American Horror Story: S7 Promos

I was responsible for developing two custom flocking solvers and the custom animation cycle instancing workflow.

 
 
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There were a few main things to consider when I started how to map out my custom solver. In addition to normal flocking / crowd behavior, bees would be expected to change states (crawling to flying, vice versa...etc) and have animation cycles working with instancing. The general algorithm for flying bees was based on traditional boid logic (alignment, cohesion, separation) while the crawling bees were solved as bullet rbd spheres.

To handle state changes in the balloon shot I decided to set up custom feedback in my DOP network. Crawling bees could fly if they had been crawling for a specific amount of time and flyers could crawl if they were close enough to the surface of the balloon. On every timestep, new flyers would be merged, flying bees would be solved, new crawlers would be identified, crawlers would be solved, new crawlers would be merged, and finally new flyers would be identified.


To model the behavior and art direct the bees I had many custom forces to deal with hovering, surface updates for bees crawling on the balloon, and collision avoidance. In the shot below, the general behavior algorithm was the same. However, I simulated three layers of bees crawling on the actor's head. Each layer contributed as a collision object to the next layer and layer order was also respected when she shakes her head and they fly off. Art direction was handled through the use of clever collision object updates, additional state changes in the solver, and custom forces.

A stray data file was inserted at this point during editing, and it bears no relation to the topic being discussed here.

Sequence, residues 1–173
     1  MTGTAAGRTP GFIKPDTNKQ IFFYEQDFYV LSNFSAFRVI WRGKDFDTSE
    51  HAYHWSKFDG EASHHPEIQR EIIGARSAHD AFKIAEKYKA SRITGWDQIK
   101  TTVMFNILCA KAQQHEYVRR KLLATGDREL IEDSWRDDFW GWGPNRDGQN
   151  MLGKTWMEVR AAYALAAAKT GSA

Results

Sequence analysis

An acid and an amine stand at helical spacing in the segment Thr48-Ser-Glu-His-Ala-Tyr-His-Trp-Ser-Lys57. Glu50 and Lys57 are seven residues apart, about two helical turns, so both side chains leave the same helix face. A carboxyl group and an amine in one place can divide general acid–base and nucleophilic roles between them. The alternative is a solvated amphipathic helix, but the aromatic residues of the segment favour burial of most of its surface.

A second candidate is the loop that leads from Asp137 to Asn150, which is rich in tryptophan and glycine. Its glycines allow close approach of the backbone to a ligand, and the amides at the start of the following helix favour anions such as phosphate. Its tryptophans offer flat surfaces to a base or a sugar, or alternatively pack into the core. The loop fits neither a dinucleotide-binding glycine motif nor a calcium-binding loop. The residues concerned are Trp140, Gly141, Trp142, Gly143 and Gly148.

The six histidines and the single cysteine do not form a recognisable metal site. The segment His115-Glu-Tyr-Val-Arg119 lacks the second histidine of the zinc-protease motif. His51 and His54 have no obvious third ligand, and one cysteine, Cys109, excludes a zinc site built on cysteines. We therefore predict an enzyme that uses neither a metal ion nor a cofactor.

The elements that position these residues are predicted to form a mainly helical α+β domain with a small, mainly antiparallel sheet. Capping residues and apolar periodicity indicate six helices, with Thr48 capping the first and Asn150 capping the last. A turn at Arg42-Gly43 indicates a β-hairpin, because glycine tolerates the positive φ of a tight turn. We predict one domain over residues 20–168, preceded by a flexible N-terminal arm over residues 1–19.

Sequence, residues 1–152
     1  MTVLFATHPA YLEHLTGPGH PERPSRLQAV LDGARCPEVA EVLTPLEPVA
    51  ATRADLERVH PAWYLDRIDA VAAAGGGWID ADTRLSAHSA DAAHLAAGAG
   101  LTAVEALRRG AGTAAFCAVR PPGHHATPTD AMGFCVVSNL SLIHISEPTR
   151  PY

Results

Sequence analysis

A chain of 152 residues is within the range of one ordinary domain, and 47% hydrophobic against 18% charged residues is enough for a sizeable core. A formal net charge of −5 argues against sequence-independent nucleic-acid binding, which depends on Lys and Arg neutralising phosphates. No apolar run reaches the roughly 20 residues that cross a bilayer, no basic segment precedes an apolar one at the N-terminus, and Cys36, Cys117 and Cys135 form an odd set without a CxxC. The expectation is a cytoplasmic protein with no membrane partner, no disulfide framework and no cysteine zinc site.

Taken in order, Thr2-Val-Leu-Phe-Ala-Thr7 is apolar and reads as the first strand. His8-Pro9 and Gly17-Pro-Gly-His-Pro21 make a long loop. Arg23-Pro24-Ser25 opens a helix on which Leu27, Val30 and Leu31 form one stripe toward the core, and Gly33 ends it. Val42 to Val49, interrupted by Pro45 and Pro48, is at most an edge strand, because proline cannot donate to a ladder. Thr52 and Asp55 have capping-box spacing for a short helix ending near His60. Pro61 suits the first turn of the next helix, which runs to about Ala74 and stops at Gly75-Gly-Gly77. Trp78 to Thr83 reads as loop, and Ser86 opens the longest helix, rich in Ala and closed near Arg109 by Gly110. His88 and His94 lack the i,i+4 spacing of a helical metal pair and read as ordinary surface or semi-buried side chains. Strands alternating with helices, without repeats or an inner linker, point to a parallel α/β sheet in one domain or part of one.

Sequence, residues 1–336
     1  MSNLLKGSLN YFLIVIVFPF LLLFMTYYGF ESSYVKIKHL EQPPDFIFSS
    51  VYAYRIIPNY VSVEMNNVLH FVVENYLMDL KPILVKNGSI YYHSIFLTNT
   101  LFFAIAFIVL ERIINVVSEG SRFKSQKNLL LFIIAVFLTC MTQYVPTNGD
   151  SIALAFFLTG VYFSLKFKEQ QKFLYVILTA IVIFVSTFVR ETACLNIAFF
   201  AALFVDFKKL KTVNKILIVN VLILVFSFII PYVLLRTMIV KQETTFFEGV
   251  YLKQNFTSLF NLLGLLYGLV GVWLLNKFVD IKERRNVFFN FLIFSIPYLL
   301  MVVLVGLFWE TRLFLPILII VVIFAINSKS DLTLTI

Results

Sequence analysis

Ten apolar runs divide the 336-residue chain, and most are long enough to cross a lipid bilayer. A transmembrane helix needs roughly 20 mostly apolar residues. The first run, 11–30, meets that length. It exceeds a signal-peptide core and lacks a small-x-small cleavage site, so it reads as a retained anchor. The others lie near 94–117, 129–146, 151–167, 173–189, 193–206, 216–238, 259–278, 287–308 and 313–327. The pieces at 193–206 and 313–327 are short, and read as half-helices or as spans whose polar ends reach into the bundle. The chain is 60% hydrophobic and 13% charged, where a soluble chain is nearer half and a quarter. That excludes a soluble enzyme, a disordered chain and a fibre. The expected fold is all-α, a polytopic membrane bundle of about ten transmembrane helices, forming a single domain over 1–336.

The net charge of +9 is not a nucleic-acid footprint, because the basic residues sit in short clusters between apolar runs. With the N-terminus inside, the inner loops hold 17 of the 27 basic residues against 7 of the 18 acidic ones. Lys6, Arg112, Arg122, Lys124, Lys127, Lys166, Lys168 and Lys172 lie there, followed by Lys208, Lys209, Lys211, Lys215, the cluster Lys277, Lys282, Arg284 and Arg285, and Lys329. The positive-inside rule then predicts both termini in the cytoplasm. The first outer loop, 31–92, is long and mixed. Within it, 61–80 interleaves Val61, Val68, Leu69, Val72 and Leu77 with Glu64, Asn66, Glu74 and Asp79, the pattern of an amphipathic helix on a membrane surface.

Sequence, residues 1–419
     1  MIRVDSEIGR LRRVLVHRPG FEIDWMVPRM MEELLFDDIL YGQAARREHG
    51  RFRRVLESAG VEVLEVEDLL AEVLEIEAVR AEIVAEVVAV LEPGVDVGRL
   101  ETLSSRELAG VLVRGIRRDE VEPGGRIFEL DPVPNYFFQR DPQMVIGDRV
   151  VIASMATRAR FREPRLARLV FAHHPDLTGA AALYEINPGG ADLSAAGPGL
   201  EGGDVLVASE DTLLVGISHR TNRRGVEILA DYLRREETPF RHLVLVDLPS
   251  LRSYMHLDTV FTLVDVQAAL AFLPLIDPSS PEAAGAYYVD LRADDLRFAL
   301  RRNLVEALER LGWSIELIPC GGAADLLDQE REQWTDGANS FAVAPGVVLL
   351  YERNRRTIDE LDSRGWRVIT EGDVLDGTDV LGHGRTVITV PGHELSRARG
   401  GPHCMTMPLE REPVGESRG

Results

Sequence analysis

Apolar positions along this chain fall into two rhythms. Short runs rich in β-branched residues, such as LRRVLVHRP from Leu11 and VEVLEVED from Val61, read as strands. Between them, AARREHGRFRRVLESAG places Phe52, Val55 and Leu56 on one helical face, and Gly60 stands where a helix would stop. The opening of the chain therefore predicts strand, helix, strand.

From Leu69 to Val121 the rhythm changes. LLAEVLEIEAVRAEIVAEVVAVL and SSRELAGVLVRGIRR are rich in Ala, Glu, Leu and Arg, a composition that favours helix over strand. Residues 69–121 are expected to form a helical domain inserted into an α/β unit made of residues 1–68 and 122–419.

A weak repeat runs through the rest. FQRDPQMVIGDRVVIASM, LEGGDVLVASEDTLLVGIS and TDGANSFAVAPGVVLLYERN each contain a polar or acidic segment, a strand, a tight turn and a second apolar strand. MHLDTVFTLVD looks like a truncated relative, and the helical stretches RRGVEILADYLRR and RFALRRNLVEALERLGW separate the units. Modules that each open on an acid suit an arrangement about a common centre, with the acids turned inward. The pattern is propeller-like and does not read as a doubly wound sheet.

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My final task was to develop a way to use cycles from animation on my simulated agent points. I spent a few days exploring custom IK walk solvers but ultimately had to use animation cycles due to time constraints. In order to do so, I first converted the alembic animation cycles into transformation arrays removing time dependency from the equation. With these large arrays of transforms, I was able to instance one model of the bee onto every point and use my arrays to update the transforms of each part of the bee on a per agent basis. Additionally, subframe transforms were computed to model the very fast flapping insect wings. This technique allowed for fast previewing and light memory usage which was crucial since rendering was done in Maya with Vray.